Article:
Practicing Ease: Doing Then Not Doing
It's simple--to utilize this tool just use one of the anti-anxiety tools, like horselips or humming or ahhhhhhhh, then pause. (Here's the Index of all toolkits if you want to look up any others.)
Now relax. Notice any sensations you may have. If you want, allow them to ripple gently through your body. Then...simply rest.
Really you can start with the rest, without having used any anti-anxiety tool. Just stop whatever you are doing--truly stop--and rest...
This is a good sequel for almost all of the anti-anxiety tools I've shared in these posts over the years. In fact, it is probably the most important concept of all in the realm of zapchen:
Doing, then not doing.
A pause allows body, soul and brain to assimilate the new information and, hopefully, the new state of ease.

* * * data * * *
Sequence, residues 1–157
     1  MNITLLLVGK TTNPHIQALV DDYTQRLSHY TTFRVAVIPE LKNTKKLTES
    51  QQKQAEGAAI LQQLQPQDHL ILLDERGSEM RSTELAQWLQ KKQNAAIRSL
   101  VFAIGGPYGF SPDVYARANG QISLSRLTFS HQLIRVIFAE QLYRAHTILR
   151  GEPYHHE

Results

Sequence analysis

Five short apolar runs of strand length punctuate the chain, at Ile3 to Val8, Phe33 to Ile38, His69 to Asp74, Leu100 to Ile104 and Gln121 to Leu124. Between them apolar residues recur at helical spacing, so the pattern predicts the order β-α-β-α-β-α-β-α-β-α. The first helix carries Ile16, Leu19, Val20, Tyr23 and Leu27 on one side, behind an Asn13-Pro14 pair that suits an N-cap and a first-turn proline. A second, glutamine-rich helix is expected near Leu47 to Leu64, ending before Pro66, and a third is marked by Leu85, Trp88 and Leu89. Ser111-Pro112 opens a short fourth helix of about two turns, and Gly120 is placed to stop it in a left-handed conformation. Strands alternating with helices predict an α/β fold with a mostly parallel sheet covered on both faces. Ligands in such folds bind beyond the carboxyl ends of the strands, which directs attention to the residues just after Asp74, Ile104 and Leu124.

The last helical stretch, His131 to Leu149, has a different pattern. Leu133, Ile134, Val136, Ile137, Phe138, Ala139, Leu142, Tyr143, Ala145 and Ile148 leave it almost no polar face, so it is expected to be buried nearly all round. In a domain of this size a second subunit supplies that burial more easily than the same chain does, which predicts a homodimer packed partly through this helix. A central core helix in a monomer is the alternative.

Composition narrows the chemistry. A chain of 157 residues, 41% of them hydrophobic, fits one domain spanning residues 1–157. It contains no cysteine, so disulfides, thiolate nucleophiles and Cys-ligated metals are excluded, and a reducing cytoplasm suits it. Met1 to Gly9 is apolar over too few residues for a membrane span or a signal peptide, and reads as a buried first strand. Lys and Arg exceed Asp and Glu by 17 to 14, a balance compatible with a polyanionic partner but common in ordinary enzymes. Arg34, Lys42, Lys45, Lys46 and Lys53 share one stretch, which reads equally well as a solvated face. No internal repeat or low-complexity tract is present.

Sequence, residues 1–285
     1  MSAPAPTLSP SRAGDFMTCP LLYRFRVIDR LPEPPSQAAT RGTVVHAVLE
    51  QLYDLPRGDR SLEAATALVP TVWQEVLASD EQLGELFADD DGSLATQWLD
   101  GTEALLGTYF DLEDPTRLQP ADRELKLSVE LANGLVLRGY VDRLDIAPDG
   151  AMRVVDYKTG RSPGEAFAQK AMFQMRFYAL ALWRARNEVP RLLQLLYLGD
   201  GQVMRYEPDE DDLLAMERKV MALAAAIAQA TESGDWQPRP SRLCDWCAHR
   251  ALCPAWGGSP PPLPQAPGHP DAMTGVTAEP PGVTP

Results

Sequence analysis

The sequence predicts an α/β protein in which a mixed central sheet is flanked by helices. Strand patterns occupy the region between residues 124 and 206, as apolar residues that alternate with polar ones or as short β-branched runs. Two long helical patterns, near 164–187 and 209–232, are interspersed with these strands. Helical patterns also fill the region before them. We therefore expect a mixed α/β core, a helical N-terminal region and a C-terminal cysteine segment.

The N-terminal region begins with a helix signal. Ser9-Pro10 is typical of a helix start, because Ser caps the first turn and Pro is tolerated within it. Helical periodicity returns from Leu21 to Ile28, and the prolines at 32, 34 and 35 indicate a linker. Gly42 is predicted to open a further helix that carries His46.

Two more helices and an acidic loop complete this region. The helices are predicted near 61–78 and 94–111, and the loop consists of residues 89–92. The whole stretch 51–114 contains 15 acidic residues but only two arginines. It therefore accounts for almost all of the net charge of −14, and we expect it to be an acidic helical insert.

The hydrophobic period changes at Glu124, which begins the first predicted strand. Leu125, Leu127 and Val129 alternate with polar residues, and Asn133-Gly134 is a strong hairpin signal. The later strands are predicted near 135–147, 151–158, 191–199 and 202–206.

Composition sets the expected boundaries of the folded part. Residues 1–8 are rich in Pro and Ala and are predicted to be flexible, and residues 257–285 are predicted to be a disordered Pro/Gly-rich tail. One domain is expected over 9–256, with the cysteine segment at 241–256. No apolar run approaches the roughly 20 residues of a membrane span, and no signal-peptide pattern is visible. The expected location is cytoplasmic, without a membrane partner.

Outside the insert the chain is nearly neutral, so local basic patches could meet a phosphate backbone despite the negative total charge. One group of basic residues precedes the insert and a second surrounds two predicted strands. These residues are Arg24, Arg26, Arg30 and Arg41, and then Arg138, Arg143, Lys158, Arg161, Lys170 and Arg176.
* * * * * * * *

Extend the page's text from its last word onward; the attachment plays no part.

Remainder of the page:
Zapchen creator Julie Henderson strongly encourages people to take a brief nap after doing a few zapchen exercises. If you can't take a nap at least lie down, or recline in a comfy chair, or at the least, simply stop doing for a few minutes. This can be more challenging than you would think!
Taking a brief nap or rest after learning something new is almost always a good idea. Our brains are designed that way--it maximizes learning. But a simple pause can be helpful too.
This tool is similar to "A Space of Grace" in the 1st toolkit and "Take a Break" in Toolkit #5. Here's a link to the Index of all toolkits. And The Mini-Toolkit: For Those with Little or No Time.
In the early days of this blog I did a related (slightly longer) post called First Cousin to Silence.
Until next time,
Photo credits: Sleeping baby, Mendy Revanus, unSplash